1a Zusammenstellung. Mir fehlt nur eine Referenzliste. Ich fände es gut, wenn erkennbar ist, was neue Ideen / Interpretationen sind und was eben zusammen getragen ist. Gerade weil Du viele “Buzz-Words” aufführst und erklärst (was sehr gut gelungen ist, finde ich), kann man die neuen Ideen schwer würdigen.

    • Hi Yves.

      You wrote “A1 collection. I’m missing a reference list. I’d like to be able to identify the difference between new ideas or interpretations on one hand, and on the other hand what you just collected here. Especially because you used and explained many ‘buzz words’ (IMO you did a great job here!), I have difficulties to honor the new ideas.”

      Thanks for your question. Because AMIs are innovations, there is no two equal implementations of the same AMI anywhere. For example, if you compare slack at Google with slack at Atlassian, they are totally different. So it’s really hard to say where one idea starts and one implementation ends. The description above is a potpourri of ideas and implementation, and in this primer I think that’s an appropriate level of detail. However, if you go deeper, which I did in my posts about slack and the pull principle, then I think I did a good job in describing the different approaches from different companies, including it-agile’s approach.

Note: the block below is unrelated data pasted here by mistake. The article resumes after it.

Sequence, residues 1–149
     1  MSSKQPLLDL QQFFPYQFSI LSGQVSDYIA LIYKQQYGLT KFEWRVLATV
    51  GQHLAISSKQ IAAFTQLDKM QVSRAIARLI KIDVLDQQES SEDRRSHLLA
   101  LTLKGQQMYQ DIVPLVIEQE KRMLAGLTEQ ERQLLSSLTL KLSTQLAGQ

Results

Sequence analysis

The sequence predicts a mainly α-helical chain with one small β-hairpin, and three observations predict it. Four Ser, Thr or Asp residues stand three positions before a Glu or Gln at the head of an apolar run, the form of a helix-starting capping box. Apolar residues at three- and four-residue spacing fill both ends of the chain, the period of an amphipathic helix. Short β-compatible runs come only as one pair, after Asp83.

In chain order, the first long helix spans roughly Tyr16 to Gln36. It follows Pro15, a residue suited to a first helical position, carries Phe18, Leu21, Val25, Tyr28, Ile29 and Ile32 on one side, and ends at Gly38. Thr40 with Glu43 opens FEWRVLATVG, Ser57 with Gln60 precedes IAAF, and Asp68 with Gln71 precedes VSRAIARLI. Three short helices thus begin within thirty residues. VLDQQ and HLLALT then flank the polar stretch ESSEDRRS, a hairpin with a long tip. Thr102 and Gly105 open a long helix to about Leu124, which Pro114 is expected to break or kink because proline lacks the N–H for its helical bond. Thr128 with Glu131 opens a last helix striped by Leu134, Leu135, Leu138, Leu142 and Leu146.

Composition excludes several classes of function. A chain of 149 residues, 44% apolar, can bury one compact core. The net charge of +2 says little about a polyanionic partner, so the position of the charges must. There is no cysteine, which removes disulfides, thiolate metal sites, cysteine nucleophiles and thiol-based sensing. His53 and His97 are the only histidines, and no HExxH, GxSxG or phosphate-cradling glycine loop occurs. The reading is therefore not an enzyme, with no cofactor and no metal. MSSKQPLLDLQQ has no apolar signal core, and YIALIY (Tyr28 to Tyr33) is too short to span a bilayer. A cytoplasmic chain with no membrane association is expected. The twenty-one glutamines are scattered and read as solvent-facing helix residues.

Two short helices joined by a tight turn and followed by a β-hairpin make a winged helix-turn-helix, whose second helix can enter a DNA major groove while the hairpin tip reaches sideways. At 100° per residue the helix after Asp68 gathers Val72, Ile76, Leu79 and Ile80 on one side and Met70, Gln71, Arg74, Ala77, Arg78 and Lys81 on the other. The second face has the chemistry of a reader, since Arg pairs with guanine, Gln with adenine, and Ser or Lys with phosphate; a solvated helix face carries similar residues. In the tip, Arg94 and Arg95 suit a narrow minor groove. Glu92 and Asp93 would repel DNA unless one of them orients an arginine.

Cheers,
      Bernd

  2. Pingback: Agile Management Innovation and Culture Hacking at LESS 2012Jason Little | Jason Little

  3. Pingback: Agile Management Innovations: Voraussetzungen für mehr “Flow” schaffen - //SEIBERT/MEDIA Weblog

  4. Martin says:

    Hi Bernd,